Nick had to go to Miami for a work conference in July. So I decided to meet him in Florida afterwards for an adult vacation. Instead of Miami though, we stayed in Ft. Lauderdale, which is much more our speed.. LAID BACK!
Now Nick & I usually like adventurous vacations but this vacation was not adventurous. NOT AT ALL! It was relaxing & low key. And it was just what we needed!
Our hotel was on A1A (Beachfront Avenue) and it was right across the street from the beach. (As all the hotels are in Ft. Lauderdale.)
Here's the view from our room.
Every morning, we would wake up, Nick would go downstairs & get us coffee from the Starbucks on the first floor of the hotel (such a gentleman) while I was getting ready & then we would walk across the breezeway
and drink our coffee on the beach.
And then we would spend several hours swimming
and laying out.
Around lunchtime, we would take a stroll on the boardwalk & stop to eat at a place that had a view like this!
(And that allowed you to eat in swimsuits & cover ups :)
And then after lunch, we would head back to the beach for a few more hours.
I think every single day that we were there, a storm blew in right around 4pm.
Which ended up being a perfect time for us to head back to our room to take a shower & get ready for dinner. For dinners,
we went to nicer places
where the patrons weren't in swimsuits & cover ups :)
And after dinner, we would take a walk on the beach.
The one 'adventure' that we did have was when we stumbled upon a sea turtle nest excavation! Which was super cool!!
So all over the beaches in Ft. Lauderdale there are sea turtle nests. Like hundreds & probably even thousands of them.
Broward County has a conservation program that identifies, marks & monitors the nests. Every morning, super early, the monitors walk the beach in search of new nests & hatchlings. When they find a nest, they mark it like this...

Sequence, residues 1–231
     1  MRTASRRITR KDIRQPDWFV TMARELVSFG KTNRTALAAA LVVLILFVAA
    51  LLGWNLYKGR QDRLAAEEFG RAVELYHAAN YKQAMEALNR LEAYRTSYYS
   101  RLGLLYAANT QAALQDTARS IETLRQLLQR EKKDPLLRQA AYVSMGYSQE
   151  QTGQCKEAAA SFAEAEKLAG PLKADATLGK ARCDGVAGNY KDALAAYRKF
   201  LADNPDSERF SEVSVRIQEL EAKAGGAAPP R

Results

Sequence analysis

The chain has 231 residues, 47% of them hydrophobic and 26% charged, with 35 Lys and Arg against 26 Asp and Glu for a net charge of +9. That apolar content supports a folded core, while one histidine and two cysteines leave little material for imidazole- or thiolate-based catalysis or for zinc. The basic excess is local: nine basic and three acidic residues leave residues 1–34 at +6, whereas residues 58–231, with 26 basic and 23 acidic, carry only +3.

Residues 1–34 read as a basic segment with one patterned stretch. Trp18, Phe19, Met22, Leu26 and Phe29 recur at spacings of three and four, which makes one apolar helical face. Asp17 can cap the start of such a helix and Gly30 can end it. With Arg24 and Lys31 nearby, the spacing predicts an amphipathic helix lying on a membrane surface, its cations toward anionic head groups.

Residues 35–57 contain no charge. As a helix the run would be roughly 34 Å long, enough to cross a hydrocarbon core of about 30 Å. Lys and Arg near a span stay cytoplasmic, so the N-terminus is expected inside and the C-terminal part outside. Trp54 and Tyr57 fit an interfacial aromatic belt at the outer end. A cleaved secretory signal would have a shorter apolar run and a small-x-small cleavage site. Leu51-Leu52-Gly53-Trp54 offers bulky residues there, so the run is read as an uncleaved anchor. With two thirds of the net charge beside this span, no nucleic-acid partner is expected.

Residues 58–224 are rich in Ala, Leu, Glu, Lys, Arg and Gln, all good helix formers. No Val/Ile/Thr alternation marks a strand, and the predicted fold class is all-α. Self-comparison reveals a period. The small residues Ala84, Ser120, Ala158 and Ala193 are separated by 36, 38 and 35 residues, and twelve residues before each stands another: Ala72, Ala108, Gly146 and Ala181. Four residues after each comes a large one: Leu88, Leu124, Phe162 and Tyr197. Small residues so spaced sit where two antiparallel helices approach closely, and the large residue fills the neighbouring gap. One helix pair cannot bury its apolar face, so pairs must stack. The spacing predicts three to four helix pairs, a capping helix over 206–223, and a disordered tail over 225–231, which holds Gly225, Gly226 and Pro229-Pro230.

This nest was discovered on July 15th & it is a loggerhead nest, marked with a CC with stands for Caretta Caretta, the Latin name for a loggerhead.
Loggerhead eggs take about 45 days to incubate. So once it gets close to that number, the monitors start checking the nests for hatchlings. Once they see signs of hatchlings, they mark the nest with an extra flag (I think they add the blue one) and they alert Nova University. Nova comes out & double checks the nest & if they also see signs of hatchings, they mark it with their flag (which I think is the green one.) And then...
someone from Nova comes out & digs up the nest.
Sometimes when the eggs hatch, not all the babies are able to dig their way to the surface & are just trapped in the nest. And this is why the conservationists dig them up.
And I know all this information because I asked him A LOT of questions! Other people were asking "Where's the mom? You mean she just leaves them? How mean!" (Come on people, they're animals, that's what they do!) But I asked questions about how this whole process works.
So this guy dug up the nest & all the hatchlings that he rescued, he put in a bucket. (An orange Home Depot bucket to be exact. That's why this picture has an orange tint to it!) The eggs that did not incubate, he put those back in the nest & reburied them.
He said that he brings the hatchlings back to his house for the day & he comes back to the beach at night & releases them. How cool is that!
So that was our vacation... 4 days of relaxing fun in the sun & a sea turtle science lesson!